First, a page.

From: [personal profile] vatine
I tend towards the policy of "if failing and retrying isn't limiting in any fashion, you might as well let them succeed, and state that time passes".

For when you're spelunking in a dungeon, time should be of the essence. You're providing movement, sound and new exciting smells in an environment full of hostiles. Clearly you can't spend forever searching for the hidden entrance that may or may not exist in a given room, because roving monsters will be attracted by your delightful smell of "new meat".

In the campaign I'm currently playing (alternate WW2, with added magic and quite a lot extra that the PCs are still trying to figure out), we're almost always under time pressure. Perhaps not in the "ten seconds matter", but when your protective magical ritual takes 3-4 hours, provides a one-shot protection for one character and you have to get the party ready for a covert air insertion using tomorrow's bomb raid as cover...

Date: 2016-04-18 03:56 pm (UTC)
ext_81047: (Journaling at Stonehenge)
From: [identity profile]
In a diced game, being willing to say yes instead of rolling the dice is certainly a strong option that can keep the game moving. (Tangentially related post.)

I feel like time passing, by itself, isn't as interesting as what happens because time passes. The guards arrive, or the villain is better prepared, or a wandering monster shows up, or all sorts of things. But I definitely want to focus on a time delay being interesting because of circumstances that make it matter.

Date: 2016-04-19 08:28 am (UTC)
vatine: z^5+z^3+1 Newton-Raphson fractal (fractal)
From: [personal profile] vatine
Yep, we've had to send our PCs into conflict with (some) of them not having the protective luck charms that we wanted them to have, because our hermetic ritual magician didn't have time to prepare them (due to a failed roll).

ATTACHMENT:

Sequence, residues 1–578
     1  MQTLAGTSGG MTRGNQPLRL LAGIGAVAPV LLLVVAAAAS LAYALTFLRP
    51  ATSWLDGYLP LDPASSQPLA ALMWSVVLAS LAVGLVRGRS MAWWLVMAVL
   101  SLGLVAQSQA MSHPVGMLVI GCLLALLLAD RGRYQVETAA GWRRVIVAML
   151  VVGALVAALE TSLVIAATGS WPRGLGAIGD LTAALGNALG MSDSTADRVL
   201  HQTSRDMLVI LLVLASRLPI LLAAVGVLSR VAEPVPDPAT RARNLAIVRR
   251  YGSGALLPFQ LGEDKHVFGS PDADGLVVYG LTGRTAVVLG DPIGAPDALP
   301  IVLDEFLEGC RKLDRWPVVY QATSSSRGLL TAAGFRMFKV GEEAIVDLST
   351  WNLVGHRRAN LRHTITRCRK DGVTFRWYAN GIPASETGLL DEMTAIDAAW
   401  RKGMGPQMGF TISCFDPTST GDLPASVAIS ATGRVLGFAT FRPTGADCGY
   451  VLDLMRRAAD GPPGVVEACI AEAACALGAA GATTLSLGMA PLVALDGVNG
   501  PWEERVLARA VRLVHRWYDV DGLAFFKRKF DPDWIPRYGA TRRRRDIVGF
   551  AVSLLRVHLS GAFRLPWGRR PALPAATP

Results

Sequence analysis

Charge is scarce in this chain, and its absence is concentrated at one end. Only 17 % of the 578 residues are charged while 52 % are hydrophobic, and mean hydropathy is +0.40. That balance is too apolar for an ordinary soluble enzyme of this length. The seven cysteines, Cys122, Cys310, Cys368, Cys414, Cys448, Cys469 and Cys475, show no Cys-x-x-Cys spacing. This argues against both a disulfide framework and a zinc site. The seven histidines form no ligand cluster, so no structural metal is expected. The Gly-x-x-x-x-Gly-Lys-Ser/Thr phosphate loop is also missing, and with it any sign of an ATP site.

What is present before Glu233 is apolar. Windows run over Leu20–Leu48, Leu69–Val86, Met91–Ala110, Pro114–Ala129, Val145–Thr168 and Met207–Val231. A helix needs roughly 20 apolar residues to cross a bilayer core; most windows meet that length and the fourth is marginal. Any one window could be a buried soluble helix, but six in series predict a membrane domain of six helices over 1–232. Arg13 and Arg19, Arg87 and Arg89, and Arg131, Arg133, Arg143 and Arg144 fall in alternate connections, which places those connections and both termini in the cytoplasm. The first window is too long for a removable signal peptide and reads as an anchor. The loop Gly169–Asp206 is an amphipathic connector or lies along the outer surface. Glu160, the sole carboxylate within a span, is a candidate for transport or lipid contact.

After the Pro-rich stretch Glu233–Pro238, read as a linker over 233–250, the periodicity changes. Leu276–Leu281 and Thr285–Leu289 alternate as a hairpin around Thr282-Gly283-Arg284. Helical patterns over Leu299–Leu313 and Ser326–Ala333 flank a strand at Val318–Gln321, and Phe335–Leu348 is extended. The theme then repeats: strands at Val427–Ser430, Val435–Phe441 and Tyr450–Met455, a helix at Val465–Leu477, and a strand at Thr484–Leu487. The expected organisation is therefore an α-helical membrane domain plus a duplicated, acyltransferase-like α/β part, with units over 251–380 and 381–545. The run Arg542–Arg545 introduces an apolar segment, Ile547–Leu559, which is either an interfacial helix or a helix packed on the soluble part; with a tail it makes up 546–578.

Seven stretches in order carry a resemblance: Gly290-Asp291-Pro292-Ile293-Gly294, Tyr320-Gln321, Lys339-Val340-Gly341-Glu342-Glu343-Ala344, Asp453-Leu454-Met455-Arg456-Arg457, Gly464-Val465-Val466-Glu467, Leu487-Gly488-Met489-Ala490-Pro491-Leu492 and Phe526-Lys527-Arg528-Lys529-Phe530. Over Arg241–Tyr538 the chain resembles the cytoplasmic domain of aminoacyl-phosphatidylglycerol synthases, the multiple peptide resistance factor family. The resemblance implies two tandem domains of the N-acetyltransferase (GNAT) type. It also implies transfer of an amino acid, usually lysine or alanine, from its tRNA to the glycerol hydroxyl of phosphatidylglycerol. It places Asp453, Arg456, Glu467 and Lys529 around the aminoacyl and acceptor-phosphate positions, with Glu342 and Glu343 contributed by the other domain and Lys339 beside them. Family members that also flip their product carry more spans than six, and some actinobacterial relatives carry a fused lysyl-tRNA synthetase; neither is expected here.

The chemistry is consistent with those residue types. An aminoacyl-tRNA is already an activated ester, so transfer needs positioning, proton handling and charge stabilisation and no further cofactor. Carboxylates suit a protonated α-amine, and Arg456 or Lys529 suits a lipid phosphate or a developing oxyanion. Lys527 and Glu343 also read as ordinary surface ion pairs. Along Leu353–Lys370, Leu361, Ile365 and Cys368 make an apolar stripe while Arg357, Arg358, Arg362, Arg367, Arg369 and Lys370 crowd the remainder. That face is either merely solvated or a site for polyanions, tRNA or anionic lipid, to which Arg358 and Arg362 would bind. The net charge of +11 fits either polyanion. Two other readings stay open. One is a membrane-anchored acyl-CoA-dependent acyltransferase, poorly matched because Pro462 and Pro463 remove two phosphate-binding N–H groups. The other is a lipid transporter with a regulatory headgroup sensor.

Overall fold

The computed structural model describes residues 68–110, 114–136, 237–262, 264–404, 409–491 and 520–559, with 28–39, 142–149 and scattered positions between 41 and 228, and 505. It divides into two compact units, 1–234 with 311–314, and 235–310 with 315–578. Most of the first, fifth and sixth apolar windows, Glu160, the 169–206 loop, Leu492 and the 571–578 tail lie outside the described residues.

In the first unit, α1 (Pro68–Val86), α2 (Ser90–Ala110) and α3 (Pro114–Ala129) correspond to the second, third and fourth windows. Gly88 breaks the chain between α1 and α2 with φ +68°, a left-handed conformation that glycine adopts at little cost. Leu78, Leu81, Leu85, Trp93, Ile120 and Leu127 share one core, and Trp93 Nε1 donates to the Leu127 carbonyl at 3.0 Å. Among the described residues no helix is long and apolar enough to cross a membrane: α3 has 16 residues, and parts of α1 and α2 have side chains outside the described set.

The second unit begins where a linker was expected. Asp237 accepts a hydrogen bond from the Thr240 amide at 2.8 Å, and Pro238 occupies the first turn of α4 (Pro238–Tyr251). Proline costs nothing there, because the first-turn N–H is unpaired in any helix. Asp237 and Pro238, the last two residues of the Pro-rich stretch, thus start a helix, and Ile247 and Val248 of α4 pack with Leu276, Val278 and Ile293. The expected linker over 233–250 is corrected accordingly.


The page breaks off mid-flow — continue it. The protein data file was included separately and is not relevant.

I don't think that's ever caused PC loss, though, Of teh two PCs we've lost, so far, one was due to a rather bad curse, we suspect the PC has been taken bodily into whatever the local equivalent of hell is (this was actually agreed before the campaign even started, to ensure we set a strong tone of "PC elimination is within the scope of the campaign"). The second was a rather impulsive shaman, who not long after having shot a dive-bomber out of the sky with his rifle thought that taking a second pot-shot at the German magical mecha that just shot him in the chest was The Done Thing, earning a second .50 round to the body (and firmly revoking ALL chances of revival). He's still with the campaign as a spirit guide for one of the PCs, though.
Edited Date: 2016-04-19 08:29 am (UTC)

Date: 2016-04-19 02:02 am (UTC)
l33tminion: (Bookhead (Nagi))
From: [personal profile] l33tminion
To me (at least, what comes to me immediately), dice address two problems:

1. Globally, characters failing some of the time is interesting, but many players in the moment always want their characters to succeed.

2. Not knowing in advance whether characters will succeed creates dramatic tension.

In both cases, there are other ways to achieve those goals.

Dice are good at creating interesting failures if the aspect of interesting you're looking for is (moment-to-moment) unpredictability. And I think that makes it more suited for stories where arbitrarily bad things might happen to characters at any time. If you have dice-based mechanics and arbitrarily bad things shouldn't happen to your characters (i.e. not Apocalypse World), then when one of your players has a particularly heinous run of bad luck, things start getting inconsistent one way or another.

Date: 2016-04-19 04:11 am (UTC)
ext_81047: (Journaling at Stonehenge)
From: [identity profile]
The thing is, I don't think that a character's particularly heinous run of bad luck is out of line for Chuubo's; it just feels like it should be narrative instead of random, and probably needs player buy-in if it's going to be sufficiently blatant. Unpredictability can get in the way of narrative in some circumstances, and one way to look at a game like Chuubo's is that it gives characters certain defined areas where they, not the HG, can establish truths to steer the narrative.